Speaking following the sentencing of Couzens, who was handed a rare whole-life prison term, the Met Police accepted a “much bigger and troubling picture” had emerged following the case.
In a warning to individuals who might be approached by a plain-clothes officer, the capital’s police force advised people to ask, “where are your colleagues?” and “where have you come from?” if they were stopped. If those answers didn’t reassure them, the police suggested demanding the officer verify their identity, allowing them to speak to a police operator or superior who could verify that their actions were genuine. If a person still felt unsafe or in “real and imminent danger” during an interaction with a plain-clothes officer, the Met Police recommended they “seek assistance” by hailing a passer-by or calling 999 to request that uniformed police attend the scene.
This advice was supported by the government’s policing minister, Kit Malthouse, who said it was “reasonable” for women to question officers in the wake of Sarah Everard’s murder, ensuring that the police were indeed working to “keep us all safe.”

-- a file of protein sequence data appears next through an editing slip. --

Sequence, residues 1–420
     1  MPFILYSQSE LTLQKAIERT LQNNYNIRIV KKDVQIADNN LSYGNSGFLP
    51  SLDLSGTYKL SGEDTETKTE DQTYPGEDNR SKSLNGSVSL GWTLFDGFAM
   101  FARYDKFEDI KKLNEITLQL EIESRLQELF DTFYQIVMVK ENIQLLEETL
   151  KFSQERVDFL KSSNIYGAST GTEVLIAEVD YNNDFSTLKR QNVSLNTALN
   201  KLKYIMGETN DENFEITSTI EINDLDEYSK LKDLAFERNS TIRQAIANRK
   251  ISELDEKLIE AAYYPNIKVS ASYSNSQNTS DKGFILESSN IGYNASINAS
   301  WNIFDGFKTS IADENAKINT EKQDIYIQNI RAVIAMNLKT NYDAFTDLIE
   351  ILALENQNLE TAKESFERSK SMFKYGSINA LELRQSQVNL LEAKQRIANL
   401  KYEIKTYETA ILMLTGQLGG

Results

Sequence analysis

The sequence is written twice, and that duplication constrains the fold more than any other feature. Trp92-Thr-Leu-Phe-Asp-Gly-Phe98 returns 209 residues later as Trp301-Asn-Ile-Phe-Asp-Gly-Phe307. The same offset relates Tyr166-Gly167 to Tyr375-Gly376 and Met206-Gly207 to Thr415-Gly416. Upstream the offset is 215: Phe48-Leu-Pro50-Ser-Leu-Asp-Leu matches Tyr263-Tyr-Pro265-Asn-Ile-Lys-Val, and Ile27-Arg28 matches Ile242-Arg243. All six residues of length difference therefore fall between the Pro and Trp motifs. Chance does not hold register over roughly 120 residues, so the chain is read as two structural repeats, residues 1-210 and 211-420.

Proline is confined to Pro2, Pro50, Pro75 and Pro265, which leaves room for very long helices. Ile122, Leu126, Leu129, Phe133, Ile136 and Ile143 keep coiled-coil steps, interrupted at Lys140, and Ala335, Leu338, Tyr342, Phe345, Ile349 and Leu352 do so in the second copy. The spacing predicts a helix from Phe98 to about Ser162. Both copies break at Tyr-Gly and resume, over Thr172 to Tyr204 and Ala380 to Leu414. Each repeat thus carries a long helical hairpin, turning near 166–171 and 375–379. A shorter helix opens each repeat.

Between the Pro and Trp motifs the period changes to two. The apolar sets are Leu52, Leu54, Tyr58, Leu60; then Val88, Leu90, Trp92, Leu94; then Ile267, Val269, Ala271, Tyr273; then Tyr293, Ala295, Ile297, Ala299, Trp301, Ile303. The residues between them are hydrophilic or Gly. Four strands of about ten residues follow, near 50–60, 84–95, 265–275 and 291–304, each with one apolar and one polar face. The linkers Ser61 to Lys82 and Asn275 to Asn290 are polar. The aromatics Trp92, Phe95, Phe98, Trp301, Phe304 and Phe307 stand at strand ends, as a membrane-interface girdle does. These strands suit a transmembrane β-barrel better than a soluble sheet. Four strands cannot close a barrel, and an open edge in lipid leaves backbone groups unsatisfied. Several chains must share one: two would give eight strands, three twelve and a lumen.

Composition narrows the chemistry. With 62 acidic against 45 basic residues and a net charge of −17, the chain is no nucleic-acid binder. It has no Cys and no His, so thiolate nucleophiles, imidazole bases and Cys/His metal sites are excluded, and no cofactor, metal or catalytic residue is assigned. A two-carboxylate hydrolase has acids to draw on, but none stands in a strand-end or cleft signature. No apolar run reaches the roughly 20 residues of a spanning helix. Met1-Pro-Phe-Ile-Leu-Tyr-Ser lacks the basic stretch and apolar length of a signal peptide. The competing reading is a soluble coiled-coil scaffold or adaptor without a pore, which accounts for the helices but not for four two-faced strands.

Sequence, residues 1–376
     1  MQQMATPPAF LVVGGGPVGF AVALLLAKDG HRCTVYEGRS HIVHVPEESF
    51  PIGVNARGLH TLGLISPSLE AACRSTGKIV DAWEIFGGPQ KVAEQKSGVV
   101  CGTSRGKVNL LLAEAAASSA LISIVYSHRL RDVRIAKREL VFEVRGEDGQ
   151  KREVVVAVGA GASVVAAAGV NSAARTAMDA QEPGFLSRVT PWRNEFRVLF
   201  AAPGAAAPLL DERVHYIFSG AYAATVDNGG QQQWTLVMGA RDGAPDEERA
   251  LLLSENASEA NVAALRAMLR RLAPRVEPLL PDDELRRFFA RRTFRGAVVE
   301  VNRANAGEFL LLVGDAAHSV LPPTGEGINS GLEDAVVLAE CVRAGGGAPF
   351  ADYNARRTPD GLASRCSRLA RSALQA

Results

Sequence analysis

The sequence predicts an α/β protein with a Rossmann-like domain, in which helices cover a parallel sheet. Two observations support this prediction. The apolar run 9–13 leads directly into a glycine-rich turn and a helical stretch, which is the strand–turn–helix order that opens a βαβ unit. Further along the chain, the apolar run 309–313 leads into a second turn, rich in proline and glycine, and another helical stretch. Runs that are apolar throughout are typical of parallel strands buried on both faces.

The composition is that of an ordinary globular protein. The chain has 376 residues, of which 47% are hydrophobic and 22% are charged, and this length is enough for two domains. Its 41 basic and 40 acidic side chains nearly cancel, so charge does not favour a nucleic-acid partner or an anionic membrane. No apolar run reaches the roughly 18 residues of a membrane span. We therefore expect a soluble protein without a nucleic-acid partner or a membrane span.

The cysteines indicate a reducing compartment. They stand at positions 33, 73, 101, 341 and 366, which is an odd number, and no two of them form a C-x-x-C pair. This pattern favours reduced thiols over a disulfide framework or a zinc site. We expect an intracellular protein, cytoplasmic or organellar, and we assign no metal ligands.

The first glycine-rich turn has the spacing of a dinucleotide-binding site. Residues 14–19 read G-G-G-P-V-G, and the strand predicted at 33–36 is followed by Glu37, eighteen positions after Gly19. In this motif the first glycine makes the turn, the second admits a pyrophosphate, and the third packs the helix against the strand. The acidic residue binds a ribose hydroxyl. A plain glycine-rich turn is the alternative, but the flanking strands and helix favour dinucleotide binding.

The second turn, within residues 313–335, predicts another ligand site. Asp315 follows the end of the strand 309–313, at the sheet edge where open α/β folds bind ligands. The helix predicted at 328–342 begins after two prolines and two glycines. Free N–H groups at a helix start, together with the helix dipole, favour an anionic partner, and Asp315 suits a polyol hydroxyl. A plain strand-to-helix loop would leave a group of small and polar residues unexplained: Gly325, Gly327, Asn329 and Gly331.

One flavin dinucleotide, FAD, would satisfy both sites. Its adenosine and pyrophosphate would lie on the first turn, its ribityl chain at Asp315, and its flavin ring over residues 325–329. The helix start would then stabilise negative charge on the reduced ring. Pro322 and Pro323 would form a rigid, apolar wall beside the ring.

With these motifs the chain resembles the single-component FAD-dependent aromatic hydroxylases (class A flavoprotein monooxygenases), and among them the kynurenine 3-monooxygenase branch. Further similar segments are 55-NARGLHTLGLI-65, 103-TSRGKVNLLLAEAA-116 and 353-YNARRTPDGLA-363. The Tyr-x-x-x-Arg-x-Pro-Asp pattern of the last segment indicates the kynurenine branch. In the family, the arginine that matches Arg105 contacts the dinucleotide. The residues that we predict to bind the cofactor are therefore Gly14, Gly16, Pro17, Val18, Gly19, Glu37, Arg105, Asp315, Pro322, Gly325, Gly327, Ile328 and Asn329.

In March 2020, Couzens abused his “position of trust as a police officer” to fake an arrest, showing his official warrant card to abduct Everard from a South London street before he raped and murdered her, setting fire to her body to dispose of the remains.
Alongside the guidance issued by the Met Police, the force is deploying an extra 650 officers to patrol areas of London as part of “reassurance patrols” to improve female safety in the wake of a damning report on the increase in violence against women and girls. Deputy Commissioner Sir Stephen House has also confirmed that plain-clothes officers will not be allowed to be deployed on their own, having to operate in pairs henceforth to prevent the risk of a lone-wolf attacker.
Think your friends would be interested? Share this story!
© 2021, paradox. All rights reserved.